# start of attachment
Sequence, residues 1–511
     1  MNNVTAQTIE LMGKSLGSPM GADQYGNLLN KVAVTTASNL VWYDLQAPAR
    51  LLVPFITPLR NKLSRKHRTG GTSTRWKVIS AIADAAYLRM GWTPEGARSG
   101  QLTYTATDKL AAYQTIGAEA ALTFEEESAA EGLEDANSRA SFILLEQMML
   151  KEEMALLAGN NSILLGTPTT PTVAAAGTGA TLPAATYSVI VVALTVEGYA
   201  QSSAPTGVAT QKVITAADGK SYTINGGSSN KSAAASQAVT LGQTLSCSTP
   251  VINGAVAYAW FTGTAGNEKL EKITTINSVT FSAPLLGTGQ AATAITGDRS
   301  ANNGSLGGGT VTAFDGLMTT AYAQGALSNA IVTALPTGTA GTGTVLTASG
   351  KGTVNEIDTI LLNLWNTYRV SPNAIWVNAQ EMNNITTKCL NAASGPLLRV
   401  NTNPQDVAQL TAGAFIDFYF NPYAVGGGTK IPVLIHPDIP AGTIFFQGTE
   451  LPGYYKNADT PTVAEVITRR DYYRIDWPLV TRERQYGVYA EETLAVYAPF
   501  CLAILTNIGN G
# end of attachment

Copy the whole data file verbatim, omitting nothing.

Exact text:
Sequence, residues 1–511
     1  MNNVTAQTIE LMGKSLGSPM GADQYGNLLN KVAVTTASNL VWYDLQAPAR
    51  LLVPFITPLR NKLSRKHRTG GTSTRWKVIS AIADAAYLRM GWTPEGARSG
   101  QLTYTATDKL AAYQTIGAEA ALTFEEESAA EGLEDANSRA SFILLEQMML
   151  KEEMALLAGN NSILLGTPTT PTVAAAGTGA TLPAATYSVI VVALTVEGYA
   201  QSSAPTGVAT QKVITAADGK SYTINGGSSN KSAAASQAVT LGQTLSCSTP
   251  VINGAVAYAW FTGTAGNEKL EKITTINSVT FSAPLLGTGQ AATAITGDRS
   301  ANNGSLGGGT VTAFDGLMTT AYAQGALSNA IVTALPTGTA GTGTVLTASG
   351  KGTVNEIDTI LLNLWNTYRV SPNAIWVNAQ EMNNITTKCL NAASGPLLRV
   401  NTNPQDVAQL TAGAFIDFYF NPYAVGGGTK IPVLIHPDIP AGTIFFQGTE
   451  LPGYYKNADT PTVAEVITRR DYYRIDWPLV TRERQYGVYA EETLAVYAPF
   501  CLAILTNIGN G